Insights & stories from a WARC Conference

Getting up early is not my favorite start of the day, but for the WARC Conference on Advertising Performance I was happy to make an exception and that’s how I ended up in my car at 5.45 AM, heading to Lille Europe to take the Eurostar to London. Exactly 15 hours later, I was back where I started – home. But I brought some insights, inspiration and great stories back with me. If you keep an eye on InSites’ activities, you will sooner or later find out where the inspiration took us, but right now I already want to share some insights and some great stories.
Insights

  • Emotions are the best predictor of advertising performance. The only problem is that there does not seem to be a consensus yet on how to measure emotions.
  • Great advertising (and great marketing for that matter) requires a model of how humans work rather than a model of how advertising works. Fortunately, at InSites Consulting, we use both.
  • Advertising always works. A report from Deutsche Bank revealed that any company that spends money on advertising & promotion, shows a better financial result compared to companies who don’t.
  • Consistency in advertising works.
  • If a viral movie has not gone euh… viral within 8 weeks, it will probably never do.

Stories

  • During the first World War, British prime minister Kitchener was the first to use the power of advertising. The posters he used to recruit for the army might seem pretty straightforward now, but they had a tremendous impact. Kitchener expected to recruit 300.000 young men in 6 months. However, with the poster campaign he managed to recruit 750.000 young men in 3 weeks. Why? First of all, there was little or no other advertising at that time. But more importantly, there was a common need to defend the country – the message was relevant to the nation!
  • In Korea, Turkey and Serbia, there is a countdown system that shows car drivers when the traffic lights will turn green. Because of this simple call for patience, the number of accidents due to ignoring red lights has decreased substantially. The Koreans were really thorough in testing this: they also experimented with a green signal to have drivers stop instead of a red light. Not very successful.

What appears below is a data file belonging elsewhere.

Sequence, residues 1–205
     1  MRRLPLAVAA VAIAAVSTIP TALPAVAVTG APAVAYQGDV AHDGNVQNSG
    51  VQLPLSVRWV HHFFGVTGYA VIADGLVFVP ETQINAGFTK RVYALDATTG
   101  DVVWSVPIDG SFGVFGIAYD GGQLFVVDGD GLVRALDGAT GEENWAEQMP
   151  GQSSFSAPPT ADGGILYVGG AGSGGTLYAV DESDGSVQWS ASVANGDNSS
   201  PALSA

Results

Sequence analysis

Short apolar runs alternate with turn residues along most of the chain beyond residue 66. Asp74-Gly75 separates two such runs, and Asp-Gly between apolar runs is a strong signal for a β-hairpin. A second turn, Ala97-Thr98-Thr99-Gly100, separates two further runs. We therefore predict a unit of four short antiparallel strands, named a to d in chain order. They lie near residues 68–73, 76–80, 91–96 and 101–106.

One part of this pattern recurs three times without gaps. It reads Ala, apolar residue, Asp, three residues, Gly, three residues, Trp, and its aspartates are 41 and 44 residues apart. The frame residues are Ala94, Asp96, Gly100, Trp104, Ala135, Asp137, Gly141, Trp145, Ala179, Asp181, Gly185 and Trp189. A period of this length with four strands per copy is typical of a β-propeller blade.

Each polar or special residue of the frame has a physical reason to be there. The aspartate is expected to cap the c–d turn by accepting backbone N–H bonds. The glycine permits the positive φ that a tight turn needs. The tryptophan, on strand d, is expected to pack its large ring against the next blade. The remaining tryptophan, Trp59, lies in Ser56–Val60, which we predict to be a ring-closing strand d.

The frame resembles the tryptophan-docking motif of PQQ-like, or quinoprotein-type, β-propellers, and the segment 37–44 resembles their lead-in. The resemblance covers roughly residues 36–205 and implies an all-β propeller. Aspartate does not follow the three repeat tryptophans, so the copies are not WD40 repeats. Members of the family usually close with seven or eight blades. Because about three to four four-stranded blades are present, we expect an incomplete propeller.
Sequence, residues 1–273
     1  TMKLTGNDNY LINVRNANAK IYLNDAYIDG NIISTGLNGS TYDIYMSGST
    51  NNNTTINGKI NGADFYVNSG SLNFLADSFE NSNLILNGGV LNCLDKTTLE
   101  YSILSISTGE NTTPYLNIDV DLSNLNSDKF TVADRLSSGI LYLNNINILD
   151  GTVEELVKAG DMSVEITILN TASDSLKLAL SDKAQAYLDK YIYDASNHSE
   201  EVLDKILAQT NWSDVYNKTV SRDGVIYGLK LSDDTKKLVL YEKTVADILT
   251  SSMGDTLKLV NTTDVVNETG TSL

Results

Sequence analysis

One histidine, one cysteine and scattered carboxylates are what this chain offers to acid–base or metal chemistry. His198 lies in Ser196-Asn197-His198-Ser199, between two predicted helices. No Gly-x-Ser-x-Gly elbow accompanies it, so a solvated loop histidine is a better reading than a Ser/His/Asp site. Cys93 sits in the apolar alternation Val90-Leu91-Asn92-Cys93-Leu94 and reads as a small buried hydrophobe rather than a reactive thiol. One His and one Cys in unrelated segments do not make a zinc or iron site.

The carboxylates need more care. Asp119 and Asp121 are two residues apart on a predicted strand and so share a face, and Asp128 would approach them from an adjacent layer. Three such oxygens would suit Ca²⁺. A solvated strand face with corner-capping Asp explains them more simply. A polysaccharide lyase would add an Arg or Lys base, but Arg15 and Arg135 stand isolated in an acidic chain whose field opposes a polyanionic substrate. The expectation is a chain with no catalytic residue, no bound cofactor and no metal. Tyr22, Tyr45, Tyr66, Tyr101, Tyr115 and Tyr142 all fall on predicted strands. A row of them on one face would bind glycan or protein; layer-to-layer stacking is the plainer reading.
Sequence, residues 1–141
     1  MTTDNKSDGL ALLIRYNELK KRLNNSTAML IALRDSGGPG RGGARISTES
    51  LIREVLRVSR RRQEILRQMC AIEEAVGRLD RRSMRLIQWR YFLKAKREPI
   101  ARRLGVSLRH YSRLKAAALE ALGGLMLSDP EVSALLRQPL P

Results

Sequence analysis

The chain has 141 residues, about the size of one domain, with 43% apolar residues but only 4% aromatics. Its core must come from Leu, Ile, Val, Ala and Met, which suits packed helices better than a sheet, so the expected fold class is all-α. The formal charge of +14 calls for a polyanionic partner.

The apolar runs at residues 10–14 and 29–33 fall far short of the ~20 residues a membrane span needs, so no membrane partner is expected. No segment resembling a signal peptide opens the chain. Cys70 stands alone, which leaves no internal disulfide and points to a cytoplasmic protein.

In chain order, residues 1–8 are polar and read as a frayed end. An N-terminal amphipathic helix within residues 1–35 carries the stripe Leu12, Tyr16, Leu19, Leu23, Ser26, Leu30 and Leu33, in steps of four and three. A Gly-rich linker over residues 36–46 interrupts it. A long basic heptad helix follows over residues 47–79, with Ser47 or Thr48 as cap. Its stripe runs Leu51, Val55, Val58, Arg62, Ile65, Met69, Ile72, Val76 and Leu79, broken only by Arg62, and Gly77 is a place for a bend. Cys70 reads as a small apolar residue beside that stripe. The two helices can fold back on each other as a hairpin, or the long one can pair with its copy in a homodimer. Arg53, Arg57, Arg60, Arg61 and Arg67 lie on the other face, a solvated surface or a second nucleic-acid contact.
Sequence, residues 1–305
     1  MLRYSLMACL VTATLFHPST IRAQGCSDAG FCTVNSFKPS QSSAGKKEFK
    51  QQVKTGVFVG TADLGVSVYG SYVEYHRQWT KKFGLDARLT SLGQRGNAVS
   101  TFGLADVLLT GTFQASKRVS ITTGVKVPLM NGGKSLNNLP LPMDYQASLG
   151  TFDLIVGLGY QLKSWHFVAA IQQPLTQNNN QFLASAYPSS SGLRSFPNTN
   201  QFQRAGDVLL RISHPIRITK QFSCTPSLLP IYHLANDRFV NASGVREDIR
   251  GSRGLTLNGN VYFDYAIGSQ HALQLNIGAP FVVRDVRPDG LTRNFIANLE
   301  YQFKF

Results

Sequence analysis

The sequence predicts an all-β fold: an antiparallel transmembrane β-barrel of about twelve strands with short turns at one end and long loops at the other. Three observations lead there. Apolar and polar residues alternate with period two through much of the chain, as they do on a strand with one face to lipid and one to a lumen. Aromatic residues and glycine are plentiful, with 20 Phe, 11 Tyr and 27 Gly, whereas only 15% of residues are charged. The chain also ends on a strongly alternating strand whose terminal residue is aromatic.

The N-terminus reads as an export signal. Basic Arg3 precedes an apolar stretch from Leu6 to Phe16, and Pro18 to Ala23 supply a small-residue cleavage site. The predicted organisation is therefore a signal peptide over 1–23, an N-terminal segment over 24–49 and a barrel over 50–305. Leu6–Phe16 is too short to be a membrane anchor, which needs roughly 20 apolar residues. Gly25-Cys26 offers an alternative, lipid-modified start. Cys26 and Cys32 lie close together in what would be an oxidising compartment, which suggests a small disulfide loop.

• Paul Graham had a great metaphor to convince his clients to use social media. Imagine you have a party coming up and you really want people to think you are a funny guy. So months in advance you start making this great billboard, with shiny colors, laughing faces and a clear message: “I am funny”. Now on the night of the party, you go stand in the middle of the room, holding up your billboard for an hour and then leaving home, excited to see the results of your post-test the day after. Wouldn’t you have a better chance to reach your objective if you work the room, go have a chat with people, tell some jokes and have a good time? Great story, but I am wondering if some advertisers might think: “I will put up a big screen in the room and play a hilarious commercial. That will do the trick.”
  • Just adding “Drink Coca-Cola” instead of “Coca-Cola” on the Coke fridges all over the world, resulted in a sales increase of 20%. Apparently, it sometimes is that obvious.
  • In the ‘90ies, Felix cat food was a rather new brand challenging market leader Whiskas. In one year, Felix only had one campaign that they kept running, consistently showing the same cartoon with the Felix cat (who is probably called Felix), while Whiskas launched 10 different campaigns, one for each innovation they launched. The ad spending of Felix was only half of the ad spending of Whiskas. Nevertheless, in that year, Felix became the new market leader and left Whiskas with a lot of things to think about. Consistency in advertising being one of them.

And to end with, a great quote from Sir Chris Powell, who has decades of experience in advertising: “Make it good in the first place, rather than measuring your failures.” It won’t surprise that we have some good solutions to help you with that 🙂

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